The ruling-Pheu Thai Party’s executive committee later decided to field Yaowapa Wongsawat in a by-election scheduled for next month. Opposition politicians then started saying that Yaowapa might replace Yingluck as government head, but Thaksin rejected this speculation as groundless.

The Constitution requires the prime minister to be an MP.

The inconsistencies in her asset declaration with the National Anti-Corruption Commission and her government’s decision to issue a new passport for Thaksin are the two issues that have put Yingluck in a hot seat – leading to speculation that her sister is being groomed to take over.

However, a survey in Bangkok and adjacent provinces found that most people don’t believe Yaowapa will replace Yingluck.

About two in five of the 1,123 respondents said they wanted a limited change in the Cabinet line-up, while three in 10 supported a major reshuffle.

Some two in five respondents said they wanted to see new faces in the Economic Ministry, while more than half of the respondents said they did not see the coalition getting any stronger if Yaowapa’s Matchima faction joined the government.

The survey was conducted and released yesterday by Bangkok University.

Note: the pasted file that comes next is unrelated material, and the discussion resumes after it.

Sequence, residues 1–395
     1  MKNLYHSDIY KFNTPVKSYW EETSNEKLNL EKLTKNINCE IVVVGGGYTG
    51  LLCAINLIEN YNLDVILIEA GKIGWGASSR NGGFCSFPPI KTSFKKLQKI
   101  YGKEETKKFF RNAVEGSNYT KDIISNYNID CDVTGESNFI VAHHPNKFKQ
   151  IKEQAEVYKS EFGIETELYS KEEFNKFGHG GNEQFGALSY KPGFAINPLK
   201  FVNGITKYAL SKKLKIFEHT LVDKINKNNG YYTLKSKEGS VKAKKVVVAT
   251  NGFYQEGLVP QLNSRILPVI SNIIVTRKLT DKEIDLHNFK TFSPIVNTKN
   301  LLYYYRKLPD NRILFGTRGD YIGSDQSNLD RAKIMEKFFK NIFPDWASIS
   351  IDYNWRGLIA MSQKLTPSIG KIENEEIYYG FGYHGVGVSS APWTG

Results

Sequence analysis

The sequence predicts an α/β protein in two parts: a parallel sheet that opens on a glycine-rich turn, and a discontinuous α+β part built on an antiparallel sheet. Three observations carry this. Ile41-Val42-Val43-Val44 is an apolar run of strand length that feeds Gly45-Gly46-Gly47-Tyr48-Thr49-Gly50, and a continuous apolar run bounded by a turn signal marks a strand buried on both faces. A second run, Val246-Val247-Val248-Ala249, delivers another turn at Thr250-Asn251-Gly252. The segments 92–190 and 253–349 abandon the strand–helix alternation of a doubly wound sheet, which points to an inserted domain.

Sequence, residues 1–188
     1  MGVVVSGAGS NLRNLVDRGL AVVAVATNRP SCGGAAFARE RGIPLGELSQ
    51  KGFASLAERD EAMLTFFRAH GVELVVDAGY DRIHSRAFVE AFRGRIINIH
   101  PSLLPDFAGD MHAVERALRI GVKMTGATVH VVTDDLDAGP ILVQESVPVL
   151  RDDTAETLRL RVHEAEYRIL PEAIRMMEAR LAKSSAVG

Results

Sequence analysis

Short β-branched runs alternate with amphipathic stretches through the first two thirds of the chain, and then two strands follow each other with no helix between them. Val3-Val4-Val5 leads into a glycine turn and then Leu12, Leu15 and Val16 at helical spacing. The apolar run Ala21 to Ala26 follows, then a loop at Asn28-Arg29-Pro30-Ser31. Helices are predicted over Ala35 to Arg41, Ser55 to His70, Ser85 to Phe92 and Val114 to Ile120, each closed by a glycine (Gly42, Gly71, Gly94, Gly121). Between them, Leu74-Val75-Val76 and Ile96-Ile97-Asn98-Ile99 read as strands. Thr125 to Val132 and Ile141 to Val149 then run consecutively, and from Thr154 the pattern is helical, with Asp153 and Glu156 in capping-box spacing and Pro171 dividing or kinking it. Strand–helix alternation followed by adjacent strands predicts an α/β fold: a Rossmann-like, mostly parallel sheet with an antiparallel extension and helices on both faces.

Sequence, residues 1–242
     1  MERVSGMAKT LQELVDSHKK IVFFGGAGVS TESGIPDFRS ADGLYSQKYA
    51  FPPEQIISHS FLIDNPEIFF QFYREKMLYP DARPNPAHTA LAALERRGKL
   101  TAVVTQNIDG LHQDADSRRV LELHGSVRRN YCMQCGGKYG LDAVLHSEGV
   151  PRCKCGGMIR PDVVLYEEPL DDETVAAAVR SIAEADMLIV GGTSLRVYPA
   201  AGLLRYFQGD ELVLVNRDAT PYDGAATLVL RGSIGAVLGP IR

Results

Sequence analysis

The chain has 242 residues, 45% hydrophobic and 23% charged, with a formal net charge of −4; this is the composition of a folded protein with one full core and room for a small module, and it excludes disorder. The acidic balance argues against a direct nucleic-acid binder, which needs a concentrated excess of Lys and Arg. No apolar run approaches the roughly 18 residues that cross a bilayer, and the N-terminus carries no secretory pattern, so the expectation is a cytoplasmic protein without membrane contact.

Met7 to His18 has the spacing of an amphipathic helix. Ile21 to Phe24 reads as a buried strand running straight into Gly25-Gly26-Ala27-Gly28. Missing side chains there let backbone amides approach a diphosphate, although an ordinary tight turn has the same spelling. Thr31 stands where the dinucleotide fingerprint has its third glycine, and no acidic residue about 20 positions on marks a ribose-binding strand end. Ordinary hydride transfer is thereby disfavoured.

SET nosedives 4% on Cyprus, political concerns
The Nation / Phuket Gazette

PHUKET: The Thai bourse plunged steeply yesterday due to the effects of the Cypriot bail-out and banking crisis, as well as domestic hiccups, but managed to show signs of resilience with daily turnover swelling to Bt101.36 billion – the highest in its 39-year history.

It easily surpassed the previous record of Bt81.27 billion, registered on January 10.

“Looking forward, we remain optimistic of the long-term prospects for the Thai market,” said Chanpen Sirithanarattanakul, head of research at DBS Vickers Securities (Thailand). “At current levels, the market is trading at 2013 PE [price-earnings ratio] of 13.6 times, which is still attractive given strong projected earnings growth of 17.4 per cent for this year.”

DBS expects the index to rise to 1,688 points in the next 12 months. Despite the 3.30-per-cent loss yesterday, the target remains intact.